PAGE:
With the first voting contests less than 50 days away, Republican candidates are set to take the stage for the fifth and final time of 2015.
Nine candidates will square off in Tuesday night’s debate, hosted by CNN. It’s the second GOP debate the network will have hosted in the 2016 cycle, with the last descending into a no-holds-barred brawl among the 11 candidates on stage.
Much has changed since that September affair. Two candidates — Wisconsin Gov. Scott Walker (R) and former Arkansas Gov. Mike Huckabee (R) — are gone from the main stage. (Walker dropped out of the race, while Huckabee’s polling numbers did not allow him to qualify.)
The man in the center remains the same, however: Donald J. Trump. And he might be in his strongest position yet.
The nine candidates will take center stage at 8:30 p.m. ET Tuesday night. Four other, lower-polling candidates will square off in a separate, “undercard” debate at 6 p.m. ET on the network.
According to Real Clear Politics’ average of seven recent national polls, here’s a look at where the candidates stand entering Tuesday night. From the top tier:
- Donald Trump, real-estate magnate: 31.4% average as of Tuesday (up from a 24.8% average before the November Fox Business debate)
- Ted Cruz, US senator from Texas: 16.3% (up from 9.6%)
- Marco Rubio, US senator from Florida: 13.3% (up from 11.8%)
- Ben Carson, retired neurosurgeon: 12.6% (down from 24.4%)
- Jeb Bush, former Florida governor: 4% (down from 6%)
- Carly Fiorina, former Hewlett Packard CEO: 2.6% (down from 3%)
- Chris Christie, New Jersey governor: 2.6% (up from 2.2%)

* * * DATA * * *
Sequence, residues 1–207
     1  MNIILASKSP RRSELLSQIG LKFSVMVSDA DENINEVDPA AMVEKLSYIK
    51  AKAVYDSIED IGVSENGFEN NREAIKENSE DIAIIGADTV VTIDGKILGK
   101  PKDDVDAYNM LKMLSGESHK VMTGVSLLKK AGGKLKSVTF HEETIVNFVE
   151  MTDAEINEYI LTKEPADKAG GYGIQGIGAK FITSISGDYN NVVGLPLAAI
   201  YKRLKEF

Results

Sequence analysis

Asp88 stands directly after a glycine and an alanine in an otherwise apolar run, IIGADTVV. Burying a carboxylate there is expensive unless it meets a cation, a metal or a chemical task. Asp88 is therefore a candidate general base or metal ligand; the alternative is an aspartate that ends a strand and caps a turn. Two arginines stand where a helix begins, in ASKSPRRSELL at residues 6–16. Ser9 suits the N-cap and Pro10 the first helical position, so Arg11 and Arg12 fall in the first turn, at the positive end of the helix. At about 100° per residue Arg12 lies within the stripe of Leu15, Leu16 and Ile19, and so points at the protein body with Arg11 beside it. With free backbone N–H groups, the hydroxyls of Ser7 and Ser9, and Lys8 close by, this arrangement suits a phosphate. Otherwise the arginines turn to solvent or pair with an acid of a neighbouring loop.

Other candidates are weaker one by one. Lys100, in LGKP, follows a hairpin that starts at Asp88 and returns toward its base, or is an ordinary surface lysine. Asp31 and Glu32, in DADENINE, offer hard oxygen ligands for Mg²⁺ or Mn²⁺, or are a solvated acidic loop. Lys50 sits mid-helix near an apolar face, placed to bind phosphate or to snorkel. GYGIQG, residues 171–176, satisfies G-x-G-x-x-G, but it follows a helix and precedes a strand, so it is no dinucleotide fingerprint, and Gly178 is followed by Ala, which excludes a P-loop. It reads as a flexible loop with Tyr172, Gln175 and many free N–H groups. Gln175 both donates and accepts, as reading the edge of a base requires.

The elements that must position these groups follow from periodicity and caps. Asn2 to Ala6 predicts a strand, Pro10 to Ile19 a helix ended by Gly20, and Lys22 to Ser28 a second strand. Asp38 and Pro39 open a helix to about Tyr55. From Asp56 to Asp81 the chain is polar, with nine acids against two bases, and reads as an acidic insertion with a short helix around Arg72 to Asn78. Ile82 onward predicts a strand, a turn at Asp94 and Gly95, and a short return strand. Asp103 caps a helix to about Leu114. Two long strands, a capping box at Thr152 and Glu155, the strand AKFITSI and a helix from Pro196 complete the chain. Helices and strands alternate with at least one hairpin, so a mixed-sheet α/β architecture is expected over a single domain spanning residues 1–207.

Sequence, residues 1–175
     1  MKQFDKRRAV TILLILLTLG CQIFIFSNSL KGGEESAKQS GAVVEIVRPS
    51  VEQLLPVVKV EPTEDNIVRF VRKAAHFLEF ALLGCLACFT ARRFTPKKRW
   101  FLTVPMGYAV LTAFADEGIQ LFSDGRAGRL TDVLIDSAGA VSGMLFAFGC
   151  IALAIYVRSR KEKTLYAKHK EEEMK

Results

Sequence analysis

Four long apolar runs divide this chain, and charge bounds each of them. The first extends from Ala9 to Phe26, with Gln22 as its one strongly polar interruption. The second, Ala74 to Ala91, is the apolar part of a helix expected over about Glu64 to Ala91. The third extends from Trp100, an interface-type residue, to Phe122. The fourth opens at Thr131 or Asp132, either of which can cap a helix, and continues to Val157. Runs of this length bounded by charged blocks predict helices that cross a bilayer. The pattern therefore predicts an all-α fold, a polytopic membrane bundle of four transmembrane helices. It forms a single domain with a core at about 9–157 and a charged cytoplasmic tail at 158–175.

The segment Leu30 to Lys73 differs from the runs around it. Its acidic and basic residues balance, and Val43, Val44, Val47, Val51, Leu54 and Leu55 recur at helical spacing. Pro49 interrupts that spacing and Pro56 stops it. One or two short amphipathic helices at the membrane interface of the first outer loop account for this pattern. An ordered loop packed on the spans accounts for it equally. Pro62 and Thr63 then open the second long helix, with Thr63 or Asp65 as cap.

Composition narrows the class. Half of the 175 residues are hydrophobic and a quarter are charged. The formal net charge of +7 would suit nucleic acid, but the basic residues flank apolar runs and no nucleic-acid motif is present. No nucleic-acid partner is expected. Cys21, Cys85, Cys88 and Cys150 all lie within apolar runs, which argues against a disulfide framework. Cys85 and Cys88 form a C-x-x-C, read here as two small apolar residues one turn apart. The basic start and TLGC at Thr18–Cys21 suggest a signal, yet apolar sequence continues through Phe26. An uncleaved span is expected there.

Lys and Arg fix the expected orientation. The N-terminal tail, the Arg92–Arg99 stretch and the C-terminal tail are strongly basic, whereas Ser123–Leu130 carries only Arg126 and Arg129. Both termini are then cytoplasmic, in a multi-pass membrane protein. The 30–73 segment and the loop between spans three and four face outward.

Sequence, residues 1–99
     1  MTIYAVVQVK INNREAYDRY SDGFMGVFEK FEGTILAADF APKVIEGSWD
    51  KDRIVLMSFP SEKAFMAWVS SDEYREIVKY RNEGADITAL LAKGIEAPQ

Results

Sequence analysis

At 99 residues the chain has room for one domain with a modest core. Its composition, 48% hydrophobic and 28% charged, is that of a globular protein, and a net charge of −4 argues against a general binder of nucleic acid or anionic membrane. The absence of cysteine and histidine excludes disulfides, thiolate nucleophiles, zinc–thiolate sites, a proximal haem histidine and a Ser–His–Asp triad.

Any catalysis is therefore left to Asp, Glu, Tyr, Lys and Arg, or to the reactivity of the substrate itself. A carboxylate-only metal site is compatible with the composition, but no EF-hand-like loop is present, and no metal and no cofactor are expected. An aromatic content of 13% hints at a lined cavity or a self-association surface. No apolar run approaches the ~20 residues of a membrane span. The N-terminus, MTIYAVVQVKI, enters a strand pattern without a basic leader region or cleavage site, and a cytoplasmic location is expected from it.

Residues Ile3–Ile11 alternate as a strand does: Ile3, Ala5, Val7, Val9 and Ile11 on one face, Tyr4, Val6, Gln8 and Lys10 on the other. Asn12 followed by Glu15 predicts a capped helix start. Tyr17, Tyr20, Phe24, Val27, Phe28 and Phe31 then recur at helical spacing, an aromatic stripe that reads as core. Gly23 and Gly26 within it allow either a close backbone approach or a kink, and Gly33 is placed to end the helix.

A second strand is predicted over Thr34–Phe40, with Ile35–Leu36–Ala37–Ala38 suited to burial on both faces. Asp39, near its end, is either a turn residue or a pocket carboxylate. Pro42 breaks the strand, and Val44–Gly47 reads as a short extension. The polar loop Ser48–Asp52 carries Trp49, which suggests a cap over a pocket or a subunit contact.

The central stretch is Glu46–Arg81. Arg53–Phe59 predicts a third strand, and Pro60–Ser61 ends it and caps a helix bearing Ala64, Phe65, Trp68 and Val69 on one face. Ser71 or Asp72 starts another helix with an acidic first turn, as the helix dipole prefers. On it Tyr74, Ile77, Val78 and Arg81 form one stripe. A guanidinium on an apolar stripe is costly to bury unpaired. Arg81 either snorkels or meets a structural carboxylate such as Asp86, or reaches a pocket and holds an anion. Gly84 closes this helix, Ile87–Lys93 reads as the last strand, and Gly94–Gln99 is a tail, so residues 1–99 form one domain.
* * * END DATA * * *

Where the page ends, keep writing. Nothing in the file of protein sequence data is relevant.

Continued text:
- John Kasich, Ohio governor: 2.3% (down from 3%)
- Rand Paul, US senator from Kentucky: 2.1% (down from 3%)
And the bottom tier:
- Mike Huckabee, former Arkansas governor: 2% (down from 2.4%)
- Rick Santorum, former US senator from Pennsylvania:0.2%
- Lindsey Graham, US senator from South Carolina: 0.2%
- George Pataki, former New York governor: 0.2%
Other notable changes since last time:
- Chris Christie is back on the main stage after being relegated to the “undercard” debate in November, having met the average polling threshold in New Hampshire surveys.
- Bobby Jindal, who was part of the past four “undercard” debates, dropped out of the race last month.
- Are Trump and Cruz on a collision course? As Cruz has surged to challenge Trump’s front-running status in Iowa, the real-estate mogul has sharpened his attacks on the senator. Trump’s first attack came after Cruz, in leaked audio from a private fundraiser, questioned Trump’s “judgment” as a potential commander-in-chief. Trump spent most of the weekend positing relatively subtle attacks, but earned some backlash from the conservative talk-show faithful on Monday. Will he continue escalating on the main stage? “If there is an underlying theme for tonight’s debate, we suspect it will be a Ted Cruz pile-on led by Donald Trump and Marco Rubio,” said Chris Krueger, an analyst at Guggenheim Securities.
- What of Rubio’s ‘wins?’ Rubio has been the pundit-proclaimed “winner” of at least two or three of the four debates thus far. He has seen a slow rise in his poll numbers ever since August’s first debate, but has so far been see the kind of surge that has propelled Cruz recently. Cruz, meanwhile, has outflanked him in the key early state of Iowa, while Christie is nipping at his heels for second place in New Hampshire. Tuesday is again a big night for Rubio.
- Speaking of Christie… Can he turn the mini-boomlet in New Hampshire into something nationally? He benefited in November from being relegated to the “undercard” debate, where he overmatched his competitors. He has a chance to continue the momentum Tuesday night.
- Can Ben Carson turn around a campaign in free fall? Carson has arguably had the worst month of any GOP candidate, as questions about his background foreign-policy chops dominated the news cycle for weeks. (The foreign-policy questions began after an odd claim during the last debate.) His poll average has crumbled by half over the past month. Is there another moment somewhere in Tuesday’s debate for him?
- And what about Jeb? Bush has exhibited a renewed emphasis on foreign policy and national security in the wake of the Paris and San Bernardino attacks. Can he make a persuasive case to voters that he should be their choice in such times?
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